Today’s Flyover People column as seen in The Emporia Gazette:
THE JUNK ROOM
During Labor Day weekend, boxes were scattered about in our living room, the kitchen, the hallway. Stacks of books leaned like the Eiffel Tower.
Dave and I moved century-old, real-wood furniture. A cabinet went into the bedroom. Dave removed three interior doors and we lugged the roll-top desk into the living room. We carried my computer desk from the living room into my now-usable office.
We filled a half-dozen trash bags, put items in boxes for a garage sale, and packed four (more) boxes of books to donate to the library’s book sale.
After two days, I was so tired of stuff. I just wanted to get rid of it all and live in an empty house.
When people are in their 20s and 30s, life tends to be about accumulating things. We move into our first homes and begin to fill them with furniture and gadgets and clothing and décor.
In our 40s, when basements and garages are bulging, we notice that we’ve been pretty good at acquiring and not so good at releasing.
A lot of the stuff in our house, maybe 20 percent of it, is stuff that I’ve dragged home from my dad’s house over the decades: furniture, childhood treasures, wooden decorative items that Dad made.
My dad was a collector. He saved everything: Lions Club memorabilia, yardsticks, obituaries of townspeople. His things meant so much to him.
Two years ago when my dad died, I hauled home two more carloads of the things he held onto the longest: family and Pawnee Rock history preserved in photographs and newspaper clippings. A lot of that will be shipped to my brother in Alaska.
I knew I had to do something with Dad’s things, but I just wasn’t ready to face that yet. Everything was in the exact same place I put it when I brought it home two years ago. Much of it got piled in the back room, which had once been my office. It became “the junk room.”
Every time I’d decide to tackle the room, I’d work for a while, but it seemed as if I was simply shifting stuff from one pile to another.
I felt stuck. And that’s the thing with too much stuff. It sucks the life out of you. It weighs you down. Clutter saps your energy. Even if you close the junk room door, you know there’s a mound of stuff behind it that you don’t know what to do with.
I have to say that no TV show makes me more nervous than “Hoarders” on A&E. I watch it, but as soon as an episode is over, I search the house and throw away at least five or 10 things.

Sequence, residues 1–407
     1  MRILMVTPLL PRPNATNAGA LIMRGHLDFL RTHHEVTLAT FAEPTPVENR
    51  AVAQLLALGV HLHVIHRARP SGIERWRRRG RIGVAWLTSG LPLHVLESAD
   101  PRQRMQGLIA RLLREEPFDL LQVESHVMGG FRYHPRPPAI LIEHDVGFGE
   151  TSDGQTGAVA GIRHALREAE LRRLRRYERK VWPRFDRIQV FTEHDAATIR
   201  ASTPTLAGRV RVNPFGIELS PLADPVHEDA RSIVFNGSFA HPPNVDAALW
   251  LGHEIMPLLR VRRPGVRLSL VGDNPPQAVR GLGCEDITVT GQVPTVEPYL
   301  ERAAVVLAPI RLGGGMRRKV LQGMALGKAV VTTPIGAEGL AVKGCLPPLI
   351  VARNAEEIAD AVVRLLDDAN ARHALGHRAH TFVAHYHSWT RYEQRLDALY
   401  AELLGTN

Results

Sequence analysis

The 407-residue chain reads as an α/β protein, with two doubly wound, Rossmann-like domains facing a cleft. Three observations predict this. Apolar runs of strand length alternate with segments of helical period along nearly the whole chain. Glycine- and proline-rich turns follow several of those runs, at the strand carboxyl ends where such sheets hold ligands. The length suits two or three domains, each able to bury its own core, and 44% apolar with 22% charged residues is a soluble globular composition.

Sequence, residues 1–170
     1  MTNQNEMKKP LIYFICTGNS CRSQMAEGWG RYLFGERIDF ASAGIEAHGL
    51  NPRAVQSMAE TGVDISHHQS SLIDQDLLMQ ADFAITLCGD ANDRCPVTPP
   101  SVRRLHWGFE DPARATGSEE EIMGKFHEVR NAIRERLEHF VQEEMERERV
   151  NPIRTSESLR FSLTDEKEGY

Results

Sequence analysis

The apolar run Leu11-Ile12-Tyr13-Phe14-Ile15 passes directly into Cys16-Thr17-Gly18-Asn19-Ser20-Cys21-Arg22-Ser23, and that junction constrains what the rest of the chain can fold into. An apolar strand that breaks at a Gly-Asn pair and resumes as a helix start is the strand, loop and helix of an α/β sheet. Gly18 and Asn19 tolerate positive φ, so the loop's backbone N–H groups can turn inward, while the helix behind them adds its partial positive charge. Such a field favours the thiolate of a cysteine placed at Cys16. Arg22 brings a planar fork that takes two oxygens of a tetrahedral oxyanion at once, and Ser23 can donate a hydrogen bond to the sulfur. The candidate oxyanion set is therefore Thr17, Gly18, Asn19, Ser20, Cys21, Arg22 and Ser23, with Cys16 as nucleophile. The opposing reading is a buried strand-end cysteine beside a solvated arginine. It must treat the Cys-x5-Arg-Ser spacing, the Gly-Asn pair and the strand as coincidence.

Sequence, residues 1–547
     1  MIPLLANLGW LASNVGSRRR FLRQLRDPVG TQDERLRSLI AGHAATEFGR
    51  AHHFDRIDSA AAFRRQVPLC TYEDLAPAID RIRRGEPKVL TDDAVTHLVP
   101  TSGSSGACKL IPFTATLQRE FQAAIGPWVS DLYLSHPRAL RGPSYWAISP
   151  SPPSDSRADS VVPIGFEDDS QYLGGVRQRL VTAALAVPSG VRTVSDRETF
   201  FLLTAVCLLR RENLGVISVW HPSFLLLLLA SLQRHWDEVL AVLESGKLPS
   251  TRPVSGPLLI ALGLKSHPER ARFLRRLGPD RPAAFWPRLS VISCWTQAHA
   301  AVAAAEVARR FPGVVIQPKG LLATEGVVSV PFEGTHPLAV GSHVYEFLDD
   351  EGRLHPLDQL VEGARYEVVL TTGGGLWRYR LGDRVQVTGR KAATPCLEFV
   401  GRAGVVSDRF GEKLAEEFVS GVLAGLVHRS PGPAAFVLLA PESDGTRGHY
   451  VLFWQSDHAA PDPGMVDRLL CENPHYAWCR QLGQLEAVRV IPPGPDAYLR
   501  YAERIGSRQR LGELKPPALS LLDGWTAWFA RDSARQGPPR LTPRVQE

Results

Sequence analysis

On “Hoarders,” helpers are there to assist in the clean-up of these catastrophic messes that people have created, but unless and until those hoarders get rid of the thought patterns and the issues that created the problem, the clutter will return.
Like those hoarders on TV, I couldn’t face my own room and get it organized until I changed the thought patterns that were running my life.
All I knew was that I felt stuck. So, over the past few months, I’ve monitored my thoughts, challenged them, found out which thoughts were useful and which ones weren’t. I made a point to quit thinking the self-defeating thoughts. Walking helped, as did meditation, reading, and talking with friends.
And then several weeks ago as I was emptying a family china cabinet so that my cousin Laramie could pick it up, I felt a different energy. I knew was ready to take on more sorting, more tossing, more cleaning. When Labor Day weekend arrived, Dave and I did some heavy lifting. We got the energy in the house moving again. We’re not finished with everything yet, but we have a good start.
I was a good disciple of my father’s; he taught me how to hold onto things. It’s not easy for me to release belongings, especially the things that Dad gave me. But I have to honor myself, too, and find a balance.
All of these things, these belongings, were just a symbol of what I really valued – my father’s love – which is still accessible. And when I take the time to feel that love, it’s much easier to let go of the stuff.
Copyright 2013 ~ Cheryl Unruh